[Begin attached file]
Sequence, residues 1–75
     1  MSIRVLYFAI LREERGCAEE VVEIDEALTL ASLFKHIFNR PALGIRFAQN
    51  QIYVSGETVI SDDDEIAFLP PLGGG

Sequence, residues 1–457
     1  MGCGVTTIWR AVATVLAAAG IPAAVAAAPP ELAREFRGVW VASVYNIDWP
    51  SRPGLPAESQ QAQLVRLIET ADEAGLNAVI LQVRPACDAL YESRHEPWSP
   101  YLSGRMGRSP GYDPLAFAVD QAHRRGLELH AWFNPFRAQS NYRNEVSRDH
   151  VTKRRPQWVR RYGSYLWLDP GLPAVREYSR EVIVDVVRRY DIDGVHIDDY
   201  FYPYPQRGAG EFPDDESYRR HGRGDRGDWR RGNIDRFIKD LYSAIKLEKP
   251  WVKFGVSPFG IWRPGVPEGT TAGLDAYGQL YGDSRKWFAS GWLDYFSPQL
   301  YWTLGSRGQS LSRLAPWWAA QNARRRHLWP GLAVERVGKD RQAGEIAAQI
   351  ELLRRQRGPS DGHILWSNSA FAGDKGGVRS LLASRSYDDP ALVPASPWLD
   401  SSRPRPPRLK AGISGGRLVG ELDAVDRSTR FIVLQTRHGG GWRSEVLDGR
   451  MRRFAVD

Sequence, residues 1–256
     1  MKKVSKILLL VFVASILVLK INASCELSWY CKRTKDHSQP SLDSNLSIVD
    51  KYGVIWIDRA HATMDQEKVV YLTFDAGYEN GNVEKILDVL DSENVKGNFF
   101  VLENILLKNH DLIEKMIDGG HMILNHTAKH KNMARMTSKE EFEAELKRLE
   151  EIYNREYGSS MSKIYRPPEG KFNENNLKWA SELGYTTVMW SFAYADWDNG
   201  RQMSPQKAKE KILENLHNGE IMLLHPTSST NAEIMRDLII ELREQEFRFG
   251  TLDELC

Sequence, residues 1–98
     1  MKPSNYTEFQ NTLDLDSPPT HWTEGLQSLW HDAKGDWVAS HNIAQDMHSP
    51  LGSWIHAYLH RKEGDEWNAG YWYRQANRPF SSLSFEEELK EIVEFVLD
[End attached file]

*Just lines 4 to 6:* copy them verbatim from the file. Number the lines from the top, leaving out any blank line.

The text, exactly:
Sequence, residues 1–457
     1  MGCGVTTIWR AVATVLAAAG IPAAVAAAPP ELAREFRGVW VASVYNIDWP
    51  SRPGLPAESQ QAQLVRLIET ADEAGLNAVI LQVRPACDAL YESRHEPWSP